Yangzijiang Shipbuilding (YZJ) | Add (maintained)
Target price: $1.29
Aug 8 close: 99 cents
Broker: CGS-CIMB, Aug 8
Shipbuilding-related revenue grew 63 per cent quarter on quarter and 120 per cent year on year to 7.6 billion yuan (S$1.52 billion), thanks to the delivery of 20 vessels and accelerated progressive construction of larger containerships.
The delivery of large vessels secured at better pricing and margin, and stronger top line helped to boost shipbuilding gross margin to 21 per cent, bettering our 20 per cent expectation. Therefore, we have upped our gross margin expectations for FY2018 to 19 per cent and 17 per cent for forecasted FY2019.
YZJ secured 22 vessels year to date and its order book stood at 114 vessels worth US$4.1 billion, to keep the yard facilities at a healthy utilisation rate up to 2020. Growth catalysts could come from stronger orders, margins and earnings. A plunge in shipbuilding activities from a trade war is a risk.
Apac Realty | Hold (upgrade)
Target price: 62 cents
Aug 8 close: 61.5 cents
Broker: DBS Group Research, Aug 8
We believe Apac's current share price has already priced in the impact of recent property cooling measures.
We have already assumed market transaction activities to be lower this year as compared with last year, and to stay flat next year, while the healthy project pipeline in the second half of the year and FY2019 should provide some support.
A higher payout of commission to agents for new home sales led to a lower 8.7 per cent growth in net profit to $13.6 million.
The uncertainty and expected slowdown in sales velocity in the second half of the year and potentially next year might lead developers to rethink their land-banking strategy or even put a halt to this altogether.
The collective sale market could also come to a standstill.
Singapore banking sector | Overweight (maintained)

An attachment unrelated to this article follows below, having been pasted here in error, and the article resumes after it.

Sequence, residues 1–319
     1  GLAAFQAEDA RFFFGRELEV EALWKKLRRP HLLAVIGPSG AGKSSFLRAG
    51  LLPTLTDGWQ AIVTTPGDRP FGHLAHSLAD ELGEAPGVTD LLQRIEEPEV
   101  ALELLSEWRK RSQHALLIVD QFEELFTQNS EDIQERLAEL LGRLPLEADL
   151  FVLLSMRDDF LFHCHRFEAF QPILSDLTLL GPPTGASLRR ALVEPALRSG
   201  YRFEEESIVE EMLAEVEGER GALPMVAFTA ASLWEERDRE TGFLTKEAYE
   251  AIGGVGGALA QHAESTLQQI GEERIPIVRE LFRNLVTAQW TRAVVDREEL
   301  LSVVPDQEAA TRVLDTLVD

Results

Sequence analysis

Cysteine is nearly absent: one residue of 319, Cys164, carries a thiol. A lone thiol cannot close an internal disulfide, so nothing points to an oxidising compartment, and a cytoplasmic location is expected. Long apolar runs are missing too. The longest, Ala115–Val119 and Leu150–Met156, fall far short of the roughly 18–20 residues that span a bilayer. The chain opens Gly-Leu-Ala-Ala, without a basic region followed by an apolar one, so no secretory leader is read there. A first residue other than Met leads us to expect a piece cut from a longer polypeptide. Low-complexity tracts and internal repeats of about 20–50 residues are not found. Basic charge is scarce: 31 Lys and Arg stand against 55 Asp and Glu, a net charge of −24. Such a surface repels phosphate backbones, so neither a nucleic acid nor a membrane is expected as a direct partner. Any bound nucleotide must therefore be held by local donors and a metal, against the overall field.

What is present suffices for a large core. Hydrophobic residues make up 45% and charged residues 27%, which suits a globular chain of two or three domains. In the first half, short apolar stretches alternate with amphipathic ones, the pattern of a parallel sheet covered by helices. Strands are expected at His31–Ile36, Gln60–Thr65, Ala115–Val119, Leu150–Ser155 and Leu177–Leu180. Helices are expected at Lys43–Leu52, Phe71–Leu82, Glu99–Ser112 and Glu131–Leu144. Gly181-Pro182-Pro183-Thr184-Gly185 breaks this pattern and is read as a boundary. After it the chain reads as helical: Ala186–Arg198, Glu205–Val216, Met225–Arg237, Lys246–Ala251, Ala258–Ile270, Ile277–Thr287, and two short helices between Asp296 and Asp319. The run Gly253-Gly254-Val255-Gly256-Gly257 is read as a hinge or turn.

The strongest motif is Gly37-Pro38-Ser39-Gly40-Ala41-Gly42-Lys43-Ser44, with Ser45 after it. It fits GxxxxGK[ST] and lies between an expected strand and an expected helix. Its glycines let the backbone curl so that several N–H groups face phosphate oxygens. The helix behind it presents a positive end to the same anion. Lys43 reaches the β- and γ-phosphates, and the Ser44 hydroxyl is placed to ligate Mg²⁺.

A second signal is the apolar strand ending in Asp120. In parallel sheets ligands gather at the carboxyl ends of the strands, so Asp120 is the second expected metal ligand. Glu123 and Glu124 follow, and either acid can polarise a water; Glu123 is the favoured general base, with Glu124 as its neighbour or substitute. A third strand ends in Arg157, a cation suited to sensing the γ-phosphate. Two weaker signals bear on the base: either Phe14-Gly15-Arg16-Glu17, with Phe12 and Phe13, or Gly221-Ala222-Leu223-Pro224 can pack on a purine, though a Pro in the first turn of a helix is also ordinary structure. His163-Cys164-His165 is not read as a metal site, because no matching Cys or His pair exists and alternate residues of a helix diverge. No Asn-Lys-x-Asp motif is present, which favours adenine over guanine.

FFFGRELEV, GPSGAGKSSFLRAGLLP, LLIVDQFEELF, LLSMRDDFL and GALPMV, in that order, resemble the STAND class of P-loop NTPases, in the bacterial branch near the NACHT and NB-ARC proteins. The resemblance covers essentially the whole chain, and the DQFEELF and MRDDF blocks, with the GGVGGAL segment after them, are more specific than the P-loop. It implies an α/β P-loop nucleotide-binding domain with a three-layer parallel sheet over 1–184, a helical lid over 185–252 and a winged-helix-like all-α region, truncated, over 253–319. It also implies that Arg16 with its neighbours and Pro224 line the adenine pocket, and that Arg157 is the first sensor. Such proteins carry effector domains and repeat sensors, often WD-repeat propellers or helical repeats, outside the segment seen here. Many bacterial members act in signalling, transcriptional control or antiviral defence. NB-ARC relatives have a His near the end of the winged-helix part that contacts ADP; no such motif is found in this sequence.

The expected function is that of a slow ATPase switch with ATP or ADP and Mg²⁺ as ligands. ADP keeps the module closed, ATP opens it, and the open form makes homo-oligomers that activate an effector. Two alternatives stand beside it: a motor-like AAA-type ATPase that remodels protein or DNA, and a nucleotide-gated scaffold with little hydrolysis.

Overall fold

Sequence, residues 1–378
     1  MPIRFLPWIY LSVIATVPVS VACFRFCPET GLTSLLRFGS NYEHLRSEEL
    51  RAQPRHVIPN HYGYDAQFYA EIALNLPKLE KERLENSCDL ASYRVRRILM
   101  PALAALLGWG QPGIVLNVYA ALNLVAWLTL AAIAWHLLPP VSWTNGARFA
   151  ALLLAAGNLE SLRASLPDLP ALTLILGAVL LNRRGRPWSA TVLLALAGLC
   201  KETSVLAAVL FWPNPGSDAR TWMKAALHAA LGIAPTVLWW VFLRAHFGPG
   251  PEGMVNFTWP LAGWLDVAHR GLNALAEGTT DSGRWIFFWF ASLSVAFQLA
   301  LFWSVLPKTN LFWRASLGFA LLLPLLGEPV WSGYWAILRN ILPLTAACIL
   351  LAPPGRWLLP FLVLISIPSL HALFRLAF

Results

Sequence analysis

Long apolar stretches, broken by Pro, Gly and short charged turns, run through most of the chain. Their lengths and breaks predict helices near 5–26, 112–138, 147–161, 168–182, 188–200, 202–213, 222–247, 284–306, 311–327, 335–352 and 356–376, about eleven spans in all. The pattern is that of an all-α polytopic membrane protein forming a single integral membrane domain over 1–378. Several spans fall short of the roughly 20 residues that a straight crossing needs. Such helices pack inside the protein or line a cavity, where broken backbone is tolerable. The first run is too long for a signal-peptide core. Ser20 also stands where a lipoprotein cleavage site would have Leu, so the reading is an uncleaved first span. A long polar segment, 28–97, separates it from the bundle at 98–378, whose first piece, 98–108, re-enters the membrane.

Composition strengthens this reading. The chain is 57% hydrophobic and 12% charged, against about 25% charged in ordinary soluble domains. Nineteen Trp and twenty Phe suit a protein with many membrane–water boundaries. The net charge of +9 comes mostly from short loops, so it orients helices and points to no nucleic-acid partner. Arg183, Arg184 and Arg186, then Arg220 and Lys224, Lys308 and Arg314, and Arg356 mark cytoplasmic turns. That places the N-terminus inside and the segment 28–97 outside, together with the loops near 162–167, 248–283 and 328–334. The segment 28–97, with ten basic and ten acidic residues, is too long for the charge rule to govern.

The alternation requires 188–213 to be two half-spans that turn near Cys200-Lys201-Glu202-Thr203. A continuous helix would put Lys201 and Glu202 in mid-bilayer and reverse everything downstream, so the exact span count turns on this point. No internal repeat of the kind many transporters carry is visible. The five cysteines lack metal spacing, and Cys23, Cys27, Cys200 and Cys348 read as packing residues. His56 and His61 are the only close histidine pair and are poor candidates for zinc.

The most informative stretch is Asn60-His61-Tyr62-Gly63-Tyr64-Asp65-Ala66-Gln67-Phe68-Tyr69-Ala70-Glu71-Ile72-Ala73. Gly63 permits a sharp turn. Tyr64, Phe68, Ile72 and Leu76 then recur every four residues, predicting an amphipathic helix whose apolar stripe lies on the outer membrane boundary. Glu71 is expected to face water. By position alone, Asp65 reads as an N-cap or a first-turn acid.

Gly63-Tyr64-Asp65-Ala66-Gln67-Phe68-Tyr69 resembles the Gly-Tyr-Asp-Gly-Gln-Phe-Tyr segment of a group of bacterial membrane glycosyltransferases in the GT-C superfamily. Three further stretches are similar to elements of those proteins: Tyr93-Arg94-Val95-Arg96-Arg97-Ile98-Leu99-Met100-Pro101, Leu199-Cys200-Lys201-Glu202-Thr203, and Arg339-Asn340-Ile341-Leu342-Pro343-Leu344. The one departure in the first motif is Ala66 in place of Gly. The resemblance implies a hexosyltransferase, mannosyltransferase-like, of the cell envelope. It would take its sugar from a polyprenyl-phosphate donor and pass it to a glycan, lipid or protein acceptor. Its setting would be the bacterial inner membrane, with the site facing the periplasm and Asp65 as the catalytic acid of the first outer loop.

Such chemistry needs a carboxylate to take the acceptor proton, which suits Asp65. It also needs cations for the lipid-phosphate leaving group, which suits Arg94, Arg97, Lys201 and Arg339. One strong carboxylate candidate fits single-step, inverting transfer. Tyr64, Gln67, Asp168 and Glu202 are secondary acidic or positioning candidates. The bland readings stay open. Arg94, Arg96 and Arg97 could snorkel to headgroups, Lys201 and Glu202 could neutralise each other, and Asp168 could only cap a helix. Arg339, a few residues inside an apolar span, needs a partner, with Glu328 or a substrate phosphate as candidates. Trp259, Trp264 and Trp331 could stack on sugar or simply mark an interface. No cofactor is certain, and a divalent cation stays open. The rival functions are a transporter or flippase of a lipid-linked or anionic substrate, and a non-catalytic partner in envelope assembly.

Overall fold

Broker: OCBC Investment Research, Aug 7 Despite trade tensions and the market in a risk-off mode, the three local banks reported a relative good set of second-quarter results.
More importantly, the guidance is still fairly positive as all three banks expect loan growth in the mid-to high single-digit level.
With six more Fed rate hikes expected by end-2019, outlook for net interest margin is positive. Allowances have generally dropped quarter on quarter and non-performing loan ratios have also stabilised.
Both OCBC and UOB reported the highest quarterly net earnings in the second quarter. Based on current consensus estimates from Bloomberg, net earnings growth is projected at 21 per cent in FY2018 and 11 per cent in FY2019 - record earnings for the banks. This underlines optimism in terms of growth expectation for both net and non-interest income.
DBS dished out a 60 cent interim dividend, while UOB gave 50 cents and OCBC 20 cents. On an annualised basis and at current prices, this translated into dividend yields of 3.5 to 4.5 per cent.
Property cooling measures will rein in mortgage growth rate, especially from FY2019, but we expect this to be mitigated by other areas of growth, including cards, investment and trading income. We remain fairly upbeat on the outlook for the banks for the next one to two years.
Raffles Medical Group (RMG) | Buy (maintained)
Target price: $1.28
Aug 7 close: $1.11
Broker: UOB Kay Hian, Aug 7
RMG's first-half net profit of $32.7 million accounted for 50.4 per cent of our full-year estimate.
Although second-half earnings are typically seasonally stronger, we are mindful of the impending start-up costs for Raffles Chongqing hospital (CQH) due in the third quarter. First-half operating margin improved slightly to 16.3 per cent from 16 per cent in the first half of last year.
An interim dividend of 0.5 cent per share was declared.
Second-quarter revenue was flat, aided by effective cost management. However, we do expect staff cost to rise from the third quarter as CQH opens in the fourth quarter.
The healthcare services segment was again supported by the addition of new corporate clients, while the hospital services segment registered a slight increase in local patients, circumventing a softer demand from foreign patients. Foreign patient volume continues to be under pressure on the back of a higher Singapore dollar (versus regional currencies), and higher treatment and ancillary costs in Singapore.